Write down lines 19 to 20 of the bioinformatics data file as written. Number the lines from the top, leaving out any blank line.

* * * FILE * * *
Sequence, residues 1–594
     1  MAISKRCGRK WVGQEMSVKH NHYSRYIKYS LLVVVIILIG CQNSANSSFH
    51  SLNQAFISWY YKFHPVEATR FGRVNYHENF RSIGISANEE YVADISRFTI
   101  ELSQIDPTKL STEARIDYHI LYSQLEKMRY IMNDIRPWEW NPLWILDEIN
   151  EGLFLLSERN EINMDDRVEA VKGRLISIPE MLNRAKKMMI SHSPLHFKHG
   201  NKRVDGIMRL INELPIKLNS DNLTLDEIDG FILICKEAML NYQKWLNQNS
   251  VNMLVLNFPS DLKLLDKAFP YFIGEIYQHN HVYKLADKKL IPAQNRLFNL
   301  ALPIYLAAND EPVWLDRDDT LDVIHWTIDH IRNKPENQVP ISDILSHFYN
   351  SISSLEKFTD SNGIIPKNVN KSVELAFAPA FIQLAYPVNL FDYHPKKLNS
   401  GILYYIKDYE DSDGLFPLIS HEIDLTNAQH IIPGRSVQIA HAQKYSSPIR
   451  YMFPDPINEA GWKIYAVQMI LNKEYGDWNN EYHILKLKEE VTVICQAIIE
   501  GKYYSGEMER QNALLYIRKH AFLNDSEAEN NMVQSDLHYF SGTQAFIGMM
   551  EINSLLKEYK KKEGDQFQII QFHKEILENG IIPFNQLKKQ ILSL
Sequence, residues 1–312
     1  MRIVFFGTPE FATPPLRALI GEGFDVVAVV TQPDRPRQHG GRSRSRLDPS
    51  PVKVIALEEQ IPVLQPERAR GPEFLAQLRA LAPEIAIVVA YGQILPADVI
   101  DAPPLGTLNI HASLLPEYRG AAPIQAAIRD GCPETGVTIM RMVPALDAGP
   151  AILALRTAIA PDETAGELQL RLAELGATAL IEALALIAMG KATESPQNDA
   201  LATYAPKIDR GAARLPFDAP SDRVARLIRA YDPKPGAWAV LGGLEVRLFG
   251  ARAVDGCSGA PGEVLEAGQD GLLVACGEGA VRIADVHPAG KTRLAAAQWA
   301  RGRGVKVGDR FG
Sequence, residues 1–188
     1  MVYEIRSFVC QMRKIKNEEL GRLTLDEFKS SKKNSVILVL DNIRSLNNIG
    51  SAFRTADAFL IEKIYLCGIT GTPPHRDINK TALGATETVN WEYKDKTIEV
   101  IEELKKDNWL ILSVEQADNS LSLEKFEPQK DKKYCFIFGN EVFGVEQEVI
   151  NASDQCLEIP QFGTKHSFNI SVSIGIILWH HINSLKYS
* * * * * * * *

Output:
   201  LATYAPKIDR GAARLPFDAP SDRVARLIRA YDPKPGAWAV LGGLEVRLFG
   251  ARAVDGCSGA PGEVLEAGQD GLLVACGEGA VRIADVHPAG KTRLAAAQWA